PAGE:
As a blogger, the effectiveness of Google and other Internet search engines is both a boon and a bane. Boon? Fact checking, provided I use reliable websites, is fast and easy. Locating answers to trivia is a snap.
But if I have no facts to check, I purposefully stay away from trolling the Internet most of the time, especially just prior to posting. The vastness often stifles me more than it stimulates me. If I'm considering a topic and a search says "ten billion results found", my enthusiasm is dampened. Continuing in the bane-vein, more than once I've had a question ready and then discarded it after stumbling on a similar one elsewhere in cyberspace. I realize the chances of anyone noticing a duplicate question are probably nil but..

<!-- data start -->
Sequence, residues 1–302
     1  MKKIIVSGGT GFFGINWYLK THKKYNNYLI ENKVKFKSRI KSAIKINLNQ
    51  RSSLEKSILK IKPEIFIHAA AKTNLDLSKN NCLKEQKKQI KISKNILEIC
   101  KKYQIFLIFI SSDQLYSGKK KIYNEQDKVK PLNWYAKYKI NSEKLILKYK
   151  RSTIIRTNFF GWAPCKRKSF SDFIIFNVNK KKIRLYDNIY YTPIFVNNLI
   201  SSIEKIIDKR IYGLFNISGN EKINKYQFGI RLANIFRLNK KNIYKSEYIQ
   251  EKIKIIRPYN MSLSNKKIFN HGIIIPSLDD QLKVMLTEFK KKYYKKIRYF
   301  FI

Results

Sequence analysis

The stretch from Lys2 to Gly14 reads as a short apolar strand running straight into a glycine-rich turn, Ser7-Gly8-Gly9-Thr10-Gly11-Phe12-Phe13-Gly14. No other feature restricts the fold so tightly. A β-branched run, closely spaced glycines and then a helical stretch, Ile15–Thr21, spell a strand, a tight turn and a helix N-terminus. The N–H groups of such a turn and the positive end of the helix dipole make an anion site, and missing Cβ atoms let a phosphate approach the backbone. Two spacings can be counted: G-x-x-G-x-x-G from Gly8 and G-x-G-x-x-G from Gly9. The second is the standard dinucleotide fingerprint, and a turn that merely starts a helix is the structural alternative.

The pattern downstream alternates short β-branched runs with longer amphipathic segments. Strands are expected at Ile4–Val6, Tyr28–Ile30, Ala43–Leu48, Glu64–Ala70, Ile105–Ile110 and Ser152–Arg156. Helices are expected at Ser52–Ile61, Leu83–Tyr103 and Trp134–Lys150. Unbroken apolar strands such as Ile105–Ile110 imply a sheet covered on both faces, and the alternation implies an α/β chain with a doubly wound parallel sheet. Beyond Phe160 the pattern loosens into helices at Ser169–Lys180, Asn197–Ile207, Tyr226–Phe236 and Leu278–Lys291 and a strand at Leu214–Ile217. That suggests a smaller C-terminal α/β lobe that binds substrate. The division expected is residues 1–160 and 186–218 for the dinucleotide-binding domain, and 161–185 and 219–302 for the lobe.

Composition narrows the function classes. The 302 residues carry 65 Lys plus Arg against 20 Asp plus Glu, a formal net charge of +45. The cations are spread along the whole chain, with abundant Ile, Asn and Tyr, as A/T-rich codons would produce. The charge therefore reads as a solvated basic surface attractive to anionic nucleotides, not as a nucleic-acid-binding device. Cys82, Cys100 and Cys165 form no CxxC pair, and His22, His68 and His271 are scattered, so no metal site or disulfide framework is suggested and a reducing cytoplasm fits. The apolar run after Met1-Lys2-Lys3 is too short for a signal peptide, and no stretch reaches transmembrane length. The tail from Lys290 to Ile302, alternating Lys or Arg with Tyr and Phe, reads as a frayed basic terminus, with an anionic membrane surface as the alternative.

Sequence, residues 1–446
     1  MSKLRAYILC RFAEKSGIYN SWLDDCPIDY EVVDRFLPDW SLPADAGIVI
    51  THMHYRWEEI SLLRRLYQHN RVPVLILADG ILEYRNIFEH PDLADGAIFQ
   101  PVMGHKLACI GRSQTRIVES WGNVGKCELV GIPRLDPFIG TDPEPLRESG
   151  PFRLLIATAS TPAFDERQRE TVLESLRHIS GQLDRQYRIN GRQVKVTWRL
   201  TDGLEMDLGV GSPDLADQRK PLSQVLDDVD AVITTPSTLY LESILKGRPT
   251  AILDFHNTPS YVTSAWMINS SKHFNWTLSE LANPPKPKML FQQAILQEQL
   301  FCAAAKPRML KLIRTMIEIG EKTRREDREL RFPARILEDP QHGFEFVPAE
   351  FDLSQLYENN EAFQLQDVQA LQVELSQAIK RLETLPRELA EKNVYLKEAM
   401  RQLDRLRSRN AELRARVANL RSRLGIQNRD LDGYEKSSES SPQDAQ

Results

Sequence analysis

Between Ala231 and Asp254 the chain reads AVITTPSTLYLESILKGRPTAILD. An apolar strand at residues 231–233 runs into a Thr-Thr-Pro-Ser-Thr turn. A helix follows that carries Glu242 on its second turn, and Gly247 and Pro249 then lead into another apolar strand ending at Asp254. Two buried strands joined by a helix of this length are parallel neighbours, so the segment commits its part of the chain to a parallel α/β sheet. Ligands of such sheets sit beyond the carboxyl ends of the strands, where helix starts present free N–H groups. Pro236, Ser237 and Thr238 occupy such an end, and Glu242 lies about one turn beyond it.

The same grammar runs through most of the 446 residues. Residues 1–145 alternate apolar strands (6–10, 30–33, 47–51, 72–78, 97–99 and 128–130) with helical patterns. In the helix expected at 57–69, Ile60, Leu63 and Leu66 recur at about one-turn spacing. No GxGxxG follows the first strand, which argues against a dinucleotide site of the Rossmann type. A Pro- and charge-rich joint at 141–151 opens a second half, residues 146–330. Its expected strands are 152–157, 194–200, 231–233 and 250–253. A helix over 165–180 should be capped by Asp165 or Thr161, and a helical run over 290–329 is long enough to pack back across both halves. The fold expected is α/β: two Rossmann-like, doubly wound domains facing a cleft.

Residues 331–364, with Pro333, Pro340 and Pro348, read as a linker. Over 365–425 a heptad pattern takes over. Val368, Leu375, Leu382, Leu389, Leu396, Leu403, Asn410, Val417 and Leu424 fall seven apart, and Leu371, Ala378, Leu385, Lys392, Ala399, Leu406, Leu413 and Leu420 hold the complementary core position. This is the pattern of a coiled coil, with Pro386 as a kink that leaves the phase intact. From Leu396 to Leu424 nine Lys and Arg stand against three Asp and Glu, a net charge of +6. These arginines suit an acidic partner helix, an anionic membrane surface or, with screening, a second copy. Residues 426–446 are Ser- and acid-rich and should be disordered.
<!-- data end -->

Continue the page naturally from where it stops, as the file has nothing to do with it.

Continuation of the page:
Over the past 18 months, I've purposefully sought out essays related to the influence artists in all fields have on one another. I've discovered artists feel flattered when they influence others but unhappy when they feel that influence has crossed a hard-to-identify line and become co-opting of their ideas. If smart people like Malcolm Gladwell or Jonathan Lethem have trouble identifying that line, or have themselves been accused by others of crossing it, this tiny blogger feels an obligation to be hyper-vigilant. So for me, the Internet is more bane than boon. If I make a mistake and unintentionally step on someone else's stuff, at least my integrity remains intact. I'll save the searching for restaurants, directions, and finding friends on Facebook.